25. 25. Using Value Co-Creation to Redefine Business Models Kati Järvi and Antti PellinenTraditional operator model: The Internet is plication stores. For example, Google’s Androidchanging the way services (or applications) are Market, Apple’s App Store, and Nokia’s Ovi Storebeing provided and used. In the telecommunica- provide applications for corresponding commu-tions sector, application developers have tradi- nication terminals, or mobile phones. Thesetionally chosen the telecom operator as their stores even provide applications that can bedelivery channel when reaching the consumers used for communication services – the tradition-and enterprise end-users. The applications al operator services. This is the application storeprovided are usually white labeled (branded un- model of providing services.der the operator’s brand name). The operatorshave traditionally managed – and created value Open operating systems in mobile devices havethrough – both the technology and service provi- enabled the development of native applicationssion. Traditional communication services, like on the particular environment. Mobile devicevoice and SMS, have been produced and manufacturers and providers of open operatingprovided by the operators, who have invested in systems have established market places, or ap-networks and service platforms, as well as oper- plication stores, to promote their environmentsated them for service production. The operators and advertise an increasing number of serviceshave, at the same time, acquired the customer, and applications based on their environments.managed the customer relationship, and billed Whereas the operator channel is limited to thethe customer, as well as packaged and marketed geographical area where the mobile operator isthe service. This is the traditional operator mod- operating, the application stores are practicallyel of providing services. limited to the certain mobile operating systems or devices from a certain manufacturers, thusThe traditional model of distributing services limited the target market. Generally, the applica-and applications to mobile devices is operator tion stores act only as the distribution andcentric, where the mobile operator provides the billing channels. Everything from developmentservices and application with their communica- and production to packaging and bundling aretion and access offerings. Where the basic tech- managed by the developer. Application storesnology may be provided by various sources, the form market places where the end users are ableoperators develop, operate, package, and bundle to find and purchase a great number of servicesthe services. They are also handling customer and applications, but the fulfilling is the respons-management, marketing communications, and ibility of the provider. Applications stores chargesales activities. The operator-centric model has developers for the distribution and billing, butbeen dominant in an environment where mobile most of the value creation is gathered by the de-devices are closed and no real external interfaces veloper.are opened for external service provision. Thevalue capture is clearly in the operator’s hands. Managed service model or brand co-operation model: Between the two extremes shown in Fig-Application store model: End users are becom- ure 2, there are a number of potential ways ofing familiar with the service-provision model combining these models. In some communica-from the Internet: services are being made tion services, operators outsource the techno-simple to download and easy to use, even free of logy and even creation of the service concepts tochange. During the past few years, there have smaller, more agile players that are even able toemerged an increasing number of terminal-de- produce the services in the Internet or thependent – and thus operator-independent – ap- “cloud.” This results in faster service-creation 25March 2011 Open Source Business Resource http://www.osbr.ca
  26. 26. Using Value Co-Creation to Redefine Business Models Kati Järvi and Antti Pellinentimes and more cost-efficient structures. Operat- Three types of value co-creation and related in-ors are able to brand the services and include terdependence between the supplier and cus-them in their product portfolio, increasing the tomer can be distinguished (Forsström, 2005;value brought to their customer. These are the http://tinyurl.com/675gb6h). The first type is se-managed service model and brand co-operation quential, which implies that one party givesmodel. something to the other, thus making the output of one’s activity the input of another. This typeOperators have many advantages in their mar- of value co-creation and interdependence rep-kets: they have an existing customer base, a resents the linear value chain, one-sided marketbrand, a billing mechanism, an established dis- logic, and in our study, the traditional operatortribution network, and, in many cases, a market- model.ing budget among the biggest in the marketarea. However, operators are limited to their The second type is pooled value co-creation andmarket area and a global or wide geographical interdependence, which refers to supplier andpresence requires co-operation with a number customer or any two or more collaborating orof operators. Furthermore, different operators coopetiting parties providing a joint pool of re-have different interfaces to which the developers sources from which they both draw. In ourhave to adapt. And in many cases, the operator study, this is the managed service model orchannel may not be the most cost efficient for brand co-operation model, where both applica-the developer. The operators know that they are tion developers and operators need and benefitthe most prominent distribution channel for from the resources of the other.their customer and often price their services cor-respondingly. The third type is reciprocal value co-creation and interdependence, where parties mutually ex-Value capture in the operator channel model var- change inputs and output and there is a need toies depending whether there is a contractor rela- learn from each other. This type of value co-cre-tionship or a revenue-sharing relationship, or ation involves the customer as a co-producer ofwhether the operator acts only as the billing value. Reciprocal value co-creation is presentmechanism. But in the cases where services are with our application store model.provided by the operator channels or with theoperator banding, the developer has fewer pos- Research Implicationssibilities to capture most of the value. The different models described in this articleImpact on Value Co-Creation highlight several noteworthy issues. First of all, the traditional operator model represents linearIn one-sided markets and in traditional value and transitive-value-creation logic, thus makingchains, value creation is sequential, with the the model and the application developer’s deliv-value moving from left to right. With the se- ery channel choice a manifestation of a one-quences from left to right, value is ‘added’. sided market, where value in the chain movesHowever, with technological advancements, from left to right and it is added in differentvalue is no longer created in a linear and transit- stages. Thus, with respect to this type of deliveryive process; value creation is becoming less se- channel, value co-creation possibilities are nar-quential, more synchronic, and more interactive. row due to the inherent characteristics of the de- livery channel. 26March 2011 Open Source Business Resource http://www.osbr.ca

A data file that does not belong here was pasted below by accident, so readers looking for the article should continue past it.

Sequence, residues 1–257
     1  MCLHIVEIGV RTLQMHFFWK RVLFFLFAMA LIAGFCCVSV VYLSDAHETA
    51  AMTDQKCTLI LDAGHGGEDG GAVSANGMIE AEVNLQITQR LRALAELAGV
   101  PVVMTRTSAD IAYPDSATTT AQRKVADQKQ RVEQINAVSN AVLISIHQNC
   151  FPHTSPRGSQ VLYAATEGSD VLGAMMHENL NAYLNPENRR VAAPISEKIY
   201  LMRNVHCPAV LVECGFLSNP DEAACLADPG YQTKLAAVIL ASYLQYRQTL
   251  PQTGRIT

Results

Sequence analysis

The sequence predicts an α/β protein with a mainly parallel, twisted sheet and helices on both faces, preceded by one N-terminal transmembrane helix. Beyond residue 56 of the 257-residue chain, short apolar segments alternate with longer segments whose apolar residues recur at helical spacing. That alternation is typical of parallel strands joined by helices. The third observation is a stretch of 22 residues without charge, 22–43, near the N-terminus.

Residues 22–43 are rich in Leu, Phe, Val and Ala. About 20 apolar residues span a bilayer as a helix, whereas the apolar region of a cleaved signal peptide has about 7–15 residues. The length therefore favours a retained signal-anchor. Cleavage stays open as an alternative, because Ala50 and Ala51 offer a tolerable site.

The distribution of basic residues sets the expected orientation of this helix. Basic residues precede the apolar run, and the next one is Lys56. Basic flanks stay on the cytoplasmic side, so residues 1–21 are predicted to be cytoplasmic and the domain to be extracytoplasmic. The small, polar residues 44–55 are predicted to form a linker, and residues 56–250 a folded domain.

27. 27. Using Value Co-Creation to Redefine Business Models Kati Järvi and Antti PellinenSecond, with the managed service model or target market’s brand awareness, and above all,brand co-operation model, value co-creation the developer’s strategy. Naturally one canpossibilities are relatively greater compared with choose multiple channels or accommodatethe traditional operator model. However, the channel decisions for the different target seg-value creation process in these models is still ments or markets. In this case, however, the de-more linear and transitive than synchronic and veloper has to maintain consistency betweeninteractive. Thus, in terms of the number of mar- channels in order to avoid conflicting businessket sides, the managed service model and brand models or pricing plans for individual end-cus-co-operation model are still seen as representa- tomer segments.tions of one-sided markets. Channels, operators, and application stores typ-Third, the application store model is a true oc- ically see application sales as a complementarycurrence of a two-sided market, where the ap- tool for enhancing the attractiveness of theirplication store acts as an intermediary. Whereas core product, such as a communication or ac-the long tail of mobile applications makes it diffi- cess service for mobile service operators, or ancult for application developers to bring their ap- end user device or platform for application storeplications to the awareness of a wide end-user operators. In this sense, application sales haveaudience, the application store model (or the been seen only as an individual tool for creating“open garden approach”) can enable and stimu- competitive advantages in marketing. However,late the emergence of mobile applications along in recent years, the financial importance of ap-the long tail in a positive way. As a central hub, plication sales has increased along with thethe application store offers visibility for applica- growth of the ecosystems and, subsequently, thetion developers. Since the application demand is number of applications and developers in thedistributed over an increasing number of applic- network.ations and the mobile application market ismore fragmented than earlier, there is more vari- Conclusionety both in supply and demand where nicheproducts can achieve high usage among the few This study illustrates that the inherent character-who adopt them. The increasing number of ap- istics of the delivery channel have implicationsplications and greater variety of supply and de- on the business model, both in terms of the de-mand accentuate the intermediary role of an livery channel choice from the perspective of theapplication store in order to generate positive application developer and in the function of thenetwork effects. With the application store mod- delivery channel from the perspective of the op-el, value creation is synchronic and interactive; erator or application store. These delivery chan-hereby value is co-created. nel characteristics, such as value co-creation possibilities whether operating in a one-sided orWhile no model studied here is preeminent com- two-sided market, have been discussed here inpared to the others, the developer has to make the context of mobile service or application pro-the choice between the channels and, as de- duction and provision but they also have relev-scribed in the study, the business model related ance in other settings.to it. This choice is based on the application, the 27March 2011 Open Source Business Resource http://www.osbr.ca